Theatre and community
Considered Words is all about writing as a profession, so let’s hear from the professionals.
First in the series is Helena Thompson,scriptwriter and artistic director of SPID (Specially Produced Innovatively Directed) Theatre Company. Despite all the work that her many titles suggest, she found time to share her experience of the theatre.
Can you tell us a little bit about yourself and background
I studied English at Cambridge and Playwriting at Birmingham. Then I set up my own company the SPID Theatre Company. We found ourselves a venue in 2005 when we were looking for a dilapidated space to put on a promenade show.
The community rooms in West London’s Kensal House council estate were perfect, and we’ve stayed there ever since.
How long you have been involved with the theatre?
What’s your greatest success?
The show I’m proudest of is Childsplay. This is a really resilient show created for outdoor spaces.
The audience are treated to audio on headphones and the show involves them actively in different games, exploring outdoor play across the ages.
We’ve had a tough time making work for parks in the past because of sound issues and the danger of stuff getting nicked, but this time we really cracked it.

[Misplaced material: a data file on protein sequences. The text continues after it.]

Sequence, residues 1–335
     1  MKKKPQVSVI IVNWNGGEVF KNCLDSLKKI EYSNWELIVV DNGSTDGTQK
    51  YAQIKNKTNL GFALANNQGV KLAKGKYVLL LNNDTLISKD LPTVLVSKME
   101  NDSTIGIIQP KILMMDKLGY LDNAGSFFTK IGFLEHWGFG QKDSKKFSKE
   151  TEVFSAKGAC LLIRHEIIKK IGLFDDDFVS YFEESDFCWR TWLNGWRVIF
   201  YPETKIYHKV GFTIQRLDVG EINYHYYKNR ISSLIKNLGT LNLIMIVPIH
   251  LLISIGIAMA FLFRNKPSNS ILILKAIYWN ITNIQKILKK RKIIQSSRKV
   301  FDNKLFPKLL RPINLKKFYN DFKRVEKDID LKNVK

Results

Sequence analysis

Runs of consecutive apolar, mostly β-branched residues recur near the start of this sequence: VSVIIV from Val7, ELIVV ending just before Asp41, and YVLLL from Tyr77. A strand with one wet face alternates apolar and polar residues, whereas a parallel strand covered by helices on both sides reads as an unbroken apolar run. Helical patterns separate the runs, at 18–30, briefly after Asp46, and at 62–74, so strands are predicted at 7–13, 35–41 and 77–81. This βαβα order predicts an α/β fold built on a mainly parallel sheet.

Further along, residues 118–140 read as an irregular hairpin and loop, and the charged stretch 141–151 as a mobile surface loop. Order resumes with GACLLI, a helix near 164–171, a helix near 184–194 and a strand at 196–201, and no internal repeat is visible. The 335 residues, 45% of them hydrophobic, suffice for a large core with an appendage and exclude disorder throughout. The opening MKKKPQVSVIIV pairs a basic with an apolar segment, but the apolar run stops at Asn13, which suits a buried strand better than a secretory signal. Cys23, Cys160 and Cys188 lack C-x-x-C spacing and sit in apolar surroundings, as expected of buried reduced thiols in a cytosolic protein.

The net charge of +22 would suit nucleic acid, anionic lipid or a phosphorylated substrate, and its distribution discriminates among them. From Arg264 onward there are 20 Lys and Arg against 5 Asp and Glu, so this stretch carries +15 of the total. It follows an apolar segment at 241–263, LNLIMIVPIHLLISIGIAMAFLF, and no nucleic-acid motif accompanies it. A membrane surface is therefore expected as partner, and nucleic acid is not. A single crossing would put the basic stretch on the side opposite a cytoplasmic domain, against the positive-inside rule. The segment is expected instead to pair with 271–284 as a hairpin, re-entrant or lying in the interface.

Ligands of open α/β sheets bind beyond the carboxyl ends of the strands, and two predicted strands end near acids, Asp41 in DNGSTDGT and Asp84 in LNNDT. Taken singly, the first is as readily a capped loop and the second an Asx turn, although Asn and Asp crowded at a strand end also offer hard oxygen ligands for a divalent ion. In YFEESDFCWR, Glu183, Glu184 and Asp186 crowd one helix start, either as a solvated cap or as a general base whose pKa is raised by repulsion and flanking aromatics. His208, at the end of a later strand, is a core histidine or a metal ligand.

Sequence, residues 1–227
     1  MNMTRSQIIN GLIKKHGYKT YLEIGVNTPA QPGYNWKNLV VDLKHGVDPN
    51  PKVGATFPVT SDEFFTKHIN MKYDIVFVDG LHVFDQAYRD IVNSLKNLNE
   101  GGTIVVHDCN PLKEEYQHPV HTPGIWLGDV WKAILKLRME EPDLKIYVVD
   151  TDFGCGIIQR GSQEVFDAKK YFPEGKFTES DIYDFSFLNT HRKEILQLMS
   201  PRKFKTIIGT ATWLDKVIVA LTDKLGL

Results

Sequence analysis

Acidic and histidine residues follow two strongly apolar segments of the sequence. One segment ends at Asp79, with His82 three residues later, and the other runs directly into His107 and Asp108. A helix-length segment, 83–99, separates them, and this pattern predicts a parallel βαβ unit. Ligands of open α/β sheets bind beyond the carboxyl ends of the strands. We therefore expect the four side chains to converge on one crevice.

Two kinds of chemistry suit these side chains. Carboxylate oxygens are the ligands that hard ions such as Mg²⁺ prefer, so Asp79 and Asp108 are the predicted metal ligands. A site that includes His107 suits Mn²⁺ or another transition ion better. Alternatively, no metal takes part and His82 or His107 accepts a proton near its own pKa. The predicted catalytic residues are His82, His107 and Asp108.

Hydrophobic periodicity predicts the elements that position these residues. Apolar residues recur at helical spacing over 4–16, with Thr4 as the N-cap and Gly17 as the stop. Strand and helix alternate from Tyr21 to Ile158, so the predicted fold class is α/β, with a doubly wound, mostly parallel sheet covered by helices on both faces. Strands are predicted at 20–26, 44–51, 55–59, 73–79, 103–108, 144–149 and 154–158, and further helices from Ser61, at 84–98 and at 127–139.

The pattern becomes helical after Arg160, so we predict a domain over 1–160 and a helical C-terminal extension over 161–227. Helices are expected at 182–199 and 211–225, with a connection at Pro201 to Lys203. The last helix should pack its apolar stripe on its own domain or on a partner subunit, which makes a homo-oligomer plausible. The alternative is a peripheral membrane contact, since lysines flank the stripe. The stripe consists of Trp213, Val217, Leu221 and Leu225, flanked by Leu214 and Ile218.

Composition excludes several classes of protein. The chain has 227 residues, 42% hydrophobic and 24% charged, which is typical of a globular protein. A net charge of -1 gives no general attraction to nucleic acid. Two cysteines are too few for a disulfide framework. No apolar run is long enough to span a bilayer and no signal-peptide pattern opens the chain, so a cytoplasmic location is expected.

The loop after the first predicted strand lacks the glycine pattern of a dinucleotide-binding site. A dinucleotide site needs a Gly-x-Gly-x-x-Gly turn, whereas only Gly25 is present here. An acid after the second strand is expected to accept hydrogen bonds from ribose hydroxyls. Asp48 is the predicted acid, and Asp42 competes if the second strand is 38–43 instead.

Everything in the show is cheap and expendable, and it plays out beautifully against a vibrant background, however noisy. We hope to tour it in the Summer.
To you, what is the perfect balance in success when it comes to writing v director v actor roles?
I like the writer and director to share a vision that can be shaped by actors input. SPID (Specially Produced Innovatively Directed) works with young people on council estates and I really enjoy seeing them perform my work.
Often untrained performers are the most authentic.
How do you go about putting on a play?
First of all we decide the location. Then we develop a script which brings that place to life. It’s important to us that the audience participates somehow in the experience.
How do you decide what to put on?
We try to involve our performers in the piece’s development, often by letting the young people we work with chose the subject matter.
What would you like to know about your audience and how important is it?
We work mainly on council estates with people who have little access to mainstream theatre.
We like to know whether our audience members have been to the theatre before and how engaging they find our style of performance. We create shows that happen all around and we try to find out how our audience responds to that.
Do you have any tips for aspiring writers?
The most important thing is to see your work in production, so don’t be afraid to put it on yourself.